History Continued

The Arnolds sold their interest in 1973 but continued to live here. In 1987, the members purchased Carolina Trace. Although Carolina Trace Country Club is privately owned, Sanford/Lee County people who are not residents of Carolina Trace, as well as businesses, are encouraged to purchase memberships.

On January 31, 2008 the Clubhouse was destroyed by an electrical fire. The spirit of the members and the local community endured despite the tragedy. About a year later, an official ground breaking ceremony was held in early February, 2009. In the interim, a new facility, the Marathon Bar and Grille opened in March of 2009. This building has become part of the tennis and pool complex. The Head Golf Professional (Mike Krick) and Golf Course Superintendent (Tim Hart) played 100 holes of golf in one day as a fundraiser. Those proceeds contributed to the beginning stages of the Marathon Bar and Grille-named in honor of their golf marathon. A select group of members led by Board of Directors Jim Martell and Karl Heidinger organized a volunteer effort to raise funds to complete the enclosure of the Marathon Bar and Grille. A grand, new Clubhouse, approximately 30,000 square-feet, was completed October 1, 2009.

Escalante Golf, Inc purchased Carolina Trace Country Club from the membership in July of 2014 with the intentions of continuing the Club with vision of its original founders. Through their expertise in golf management and their country club business model they will grow, expand and refine the Club for its members and community.

Interesting Historical Facts

Carolina Trace has a very rich history, members celebrate and treasure its establishment. The original concept of Carolina Trace stressed weekend recreational use and second-home purchases. Today, the Arnolds' vision has metamorphosed into a friendly community of more than 1,500 homes. The emphases are on pleasant living in a beautiful and healthy environment, the camaraderie of the Country Club and championship golf.

The name evokes the "traces" of the American Indians once here and the agricultural base of the area. Carolina Trace exists on former Moore County land (that became part of Lee County when it was formed in 1907) and is in the watershed of the Upper Little River. Henry Gaster is considered the original pioneer. He registered a cattle "mark" as early as 1754 and filed a claim in 1787 to operate a mill dam along Carr's Creek.

Layers of history can be "traced" here. During the Revolutionary War, Light-Horse Harry Lee shadowed Lord Cornwallis; and its only veteran from the Patriot Side, Jacob Gaster, has a memorial stone. Confederates in the War Between the States included David Hawley and John M. Gaster. Family lineage appears in place names and (five) cemeteries, e.g., Carr's Creek, Gaster's Spring (now hidden), Dalrymples, Gilmores, Groces, Hawleys, Morrises, Sommers and Wickers. The power of the Upper Little River enabled Coxs Mill to sell corn, wheat, gin cotton and saw wood. Remnants from its water-wheel and decking are incorporated in the bar of the Marathon Bar and Grille, formerly in the Clubhouse.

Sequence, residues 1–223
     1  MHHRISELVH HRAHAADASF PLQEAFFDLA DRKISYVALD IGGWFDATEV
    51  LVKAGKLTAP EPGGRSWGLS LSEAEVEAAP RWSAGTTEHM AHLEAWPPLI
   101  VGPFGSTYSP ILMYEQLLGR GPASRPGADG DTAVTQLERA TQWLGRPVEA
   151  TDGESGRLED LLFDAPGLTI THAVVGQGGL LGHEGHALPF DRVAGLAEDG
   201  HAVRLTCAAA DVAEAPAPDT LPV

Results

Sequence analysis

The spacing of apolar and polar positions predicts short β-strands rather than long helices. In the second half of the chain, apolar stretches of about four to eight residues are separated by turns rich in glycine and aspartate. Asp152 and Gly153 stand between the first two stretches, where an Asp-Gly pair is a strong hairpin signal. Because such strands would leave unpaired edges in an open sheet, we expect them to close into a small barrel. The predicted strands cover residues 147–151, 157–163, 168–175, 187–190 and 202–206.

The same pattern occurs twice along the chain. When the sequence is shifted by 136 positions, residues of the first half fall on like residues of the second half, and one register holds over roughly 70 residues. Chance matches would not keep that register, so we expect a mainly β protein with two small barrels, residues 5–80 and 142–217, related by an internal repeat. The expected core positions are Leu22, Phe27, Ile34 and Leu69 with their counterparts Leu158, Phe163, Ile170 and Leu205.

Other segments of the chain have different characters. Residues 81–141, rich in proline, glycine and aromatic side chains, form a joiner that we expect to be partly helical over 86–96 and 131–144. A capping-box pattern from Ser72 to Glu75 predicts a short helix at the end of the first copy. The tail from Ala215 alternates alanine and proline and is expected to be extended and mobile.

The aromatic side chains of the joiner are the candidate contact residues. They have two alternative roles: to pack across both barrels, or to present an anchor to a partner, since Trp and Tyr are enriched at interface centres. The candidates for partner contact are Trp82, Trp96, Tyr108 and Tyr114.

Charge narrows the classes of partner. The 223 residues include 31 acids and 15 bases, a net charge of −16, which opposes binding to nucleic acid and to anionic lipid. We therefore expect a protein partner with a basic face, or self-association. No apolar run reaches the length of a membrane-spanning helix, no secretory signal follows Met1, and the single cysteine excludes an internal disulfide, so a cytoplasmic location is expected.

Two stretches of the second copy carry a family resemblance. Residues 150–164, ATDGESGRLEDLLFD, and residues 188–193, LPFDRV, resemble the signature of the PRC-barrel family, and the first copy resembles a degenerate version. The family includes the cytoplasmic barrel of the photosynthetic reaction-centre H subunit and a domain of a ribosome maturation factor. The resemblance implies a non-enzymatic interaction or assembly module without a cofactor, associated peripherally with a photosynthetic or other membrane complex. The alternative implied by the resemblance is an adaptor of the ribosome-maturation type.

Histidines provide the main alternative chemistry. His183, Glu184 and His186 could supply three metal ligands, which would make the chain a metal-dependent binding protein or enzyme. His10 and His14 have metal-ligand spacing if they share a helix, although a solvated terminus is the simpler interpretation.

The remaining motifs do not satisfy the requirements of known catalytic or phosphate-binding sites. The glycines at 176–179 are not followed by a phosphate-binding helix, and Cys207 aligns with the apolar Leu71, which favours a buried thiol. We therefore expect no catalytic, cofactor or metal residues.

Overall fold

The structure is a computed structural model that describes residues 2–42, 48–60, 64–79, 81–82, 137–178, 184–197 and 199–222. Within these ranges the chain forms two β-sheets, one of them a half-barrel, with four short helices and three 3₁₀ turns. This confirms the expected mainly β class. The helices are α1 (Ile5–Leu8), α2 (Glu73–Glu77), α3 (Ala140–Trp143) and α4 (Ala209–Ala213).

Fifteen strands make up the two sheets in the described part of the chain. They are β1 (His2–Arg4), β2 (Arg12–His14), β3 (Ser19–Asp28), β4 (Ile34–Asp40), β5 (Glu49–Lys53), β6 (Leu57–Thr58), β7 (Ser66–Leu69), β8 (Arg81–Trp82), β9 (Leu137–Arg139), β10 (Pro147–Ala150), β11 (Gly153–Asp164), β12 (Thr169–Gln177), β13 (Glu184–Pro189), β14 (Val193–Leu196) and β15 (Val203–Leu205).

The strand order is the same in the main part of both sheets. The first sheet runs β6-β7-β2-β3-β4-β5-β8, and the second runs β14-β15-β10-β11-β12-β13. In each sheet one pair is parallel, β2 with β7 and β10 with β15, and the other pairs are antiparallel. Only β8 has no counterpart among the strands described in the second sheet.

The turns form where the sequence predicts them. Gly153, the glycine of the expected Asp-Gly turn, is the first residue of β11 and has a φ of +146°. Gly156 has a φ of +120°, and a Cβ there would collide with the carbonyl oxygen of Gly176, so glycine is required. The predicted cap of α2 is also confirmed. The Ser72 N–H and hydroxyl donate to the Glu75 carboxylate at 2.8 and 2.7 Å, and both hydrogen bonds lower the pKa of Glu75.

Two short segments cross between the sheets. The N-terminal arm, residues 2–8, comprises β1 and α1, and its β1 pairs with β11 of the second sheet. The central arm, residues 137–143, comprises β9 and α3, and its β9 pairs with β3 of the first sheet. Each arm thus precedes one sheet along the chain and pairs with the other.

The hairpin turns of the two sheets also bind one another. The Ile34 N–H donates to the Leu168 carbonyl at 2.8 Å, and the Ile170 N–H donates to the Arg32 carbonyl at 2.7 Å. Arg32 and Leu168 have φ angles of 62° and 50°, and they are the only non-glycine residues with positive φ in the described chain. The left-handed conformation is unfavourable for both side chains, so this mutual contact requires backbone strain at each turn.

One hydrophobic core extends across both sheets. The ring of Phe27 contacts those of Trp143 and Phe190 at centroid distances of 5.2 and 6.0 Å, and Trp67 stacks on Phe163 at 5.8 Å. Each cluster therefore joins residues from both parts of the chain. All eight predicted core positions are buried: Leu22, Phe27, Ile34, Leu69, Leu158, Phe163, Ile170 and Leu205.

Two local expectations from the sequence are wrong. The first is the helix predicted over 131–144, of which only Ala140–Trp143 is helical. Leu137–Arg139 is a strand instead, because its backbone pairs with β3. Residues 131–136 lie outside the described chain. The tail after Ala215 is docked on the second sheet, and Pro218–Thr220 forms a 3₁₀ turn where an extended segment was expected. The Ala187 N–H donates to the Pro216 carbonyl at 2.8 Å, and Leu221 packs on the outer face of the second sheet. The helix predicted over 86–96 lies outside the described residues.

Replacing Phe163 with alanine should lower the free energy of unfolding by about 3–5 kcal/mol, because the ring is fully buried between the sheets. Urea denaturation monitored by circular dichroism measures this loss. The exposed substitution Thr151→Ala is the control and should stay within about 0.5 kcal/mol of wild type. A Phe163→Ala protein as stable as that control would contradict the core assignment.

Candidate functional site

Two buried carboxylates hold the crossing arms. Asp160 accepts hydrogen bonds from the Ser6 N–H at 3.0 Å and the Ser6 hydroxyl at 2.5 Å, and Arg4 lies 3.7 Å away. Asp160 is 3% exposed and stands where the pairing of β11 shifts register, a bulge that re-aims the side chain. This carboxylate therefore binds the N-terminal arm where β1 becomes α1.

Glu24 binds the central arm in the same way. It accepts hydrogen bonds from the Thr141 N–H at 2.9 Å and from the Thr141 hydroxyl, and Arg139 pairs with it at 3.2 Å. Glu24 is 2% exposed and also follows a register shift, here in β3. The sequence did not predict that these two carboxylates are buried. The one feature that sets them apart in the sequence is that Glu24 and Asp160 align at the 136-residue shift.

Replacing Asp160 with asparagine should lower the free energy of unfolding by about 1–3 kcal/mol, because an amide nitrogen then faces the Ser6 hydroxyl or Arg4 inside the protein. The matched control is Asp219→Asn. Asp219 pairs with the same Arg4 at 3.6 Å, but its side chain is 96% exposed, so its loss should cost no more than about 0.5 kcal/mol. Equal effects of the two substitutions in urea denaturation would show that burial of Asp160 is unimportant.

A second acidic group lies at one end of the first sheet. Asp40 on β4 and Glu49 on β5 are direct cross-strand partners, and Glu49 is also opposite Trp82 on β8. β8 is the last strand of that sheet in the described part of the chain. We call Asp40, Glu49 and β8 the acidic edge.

Human enterprise and initiative are remembered in Brick Mill Branch, an early effort aiding the reputation of Sanford as the brick-making center of the world, and in the slate mine, sand/gravel pit, and "gold holes." Local lore abounds in "traces" of one-time moonshining and such near-legendary figures as Byrd Wicker, on whom "revenuers" reputedly "went easy" because he was disabled in World War I and had no other means of support. Farmer Will Gilmore took such pride in the excellence of his mash that he "tested" the products of others who wanted to sell under his aegis. When he ran a new batch, the traffic jammed turning into the area. In another of the coincidences that abound in the story of Carolina Trace, he died in 1961, the year the first ABC store opened in Sanford. Dock and Francis Wicker and their "helpful mule" also have a wide following. Geography asserts itself in the original reference to the area of Carolina Trace as "Foggy Bottom," where, the locals say, escaped prisoners and those who went AWOL in World War I "hid out." The Fall Line is much in evidence, separating, in miniature, the Coastal Plains from the Piedmont.

Reference
Dr. Lynn Veach Sadler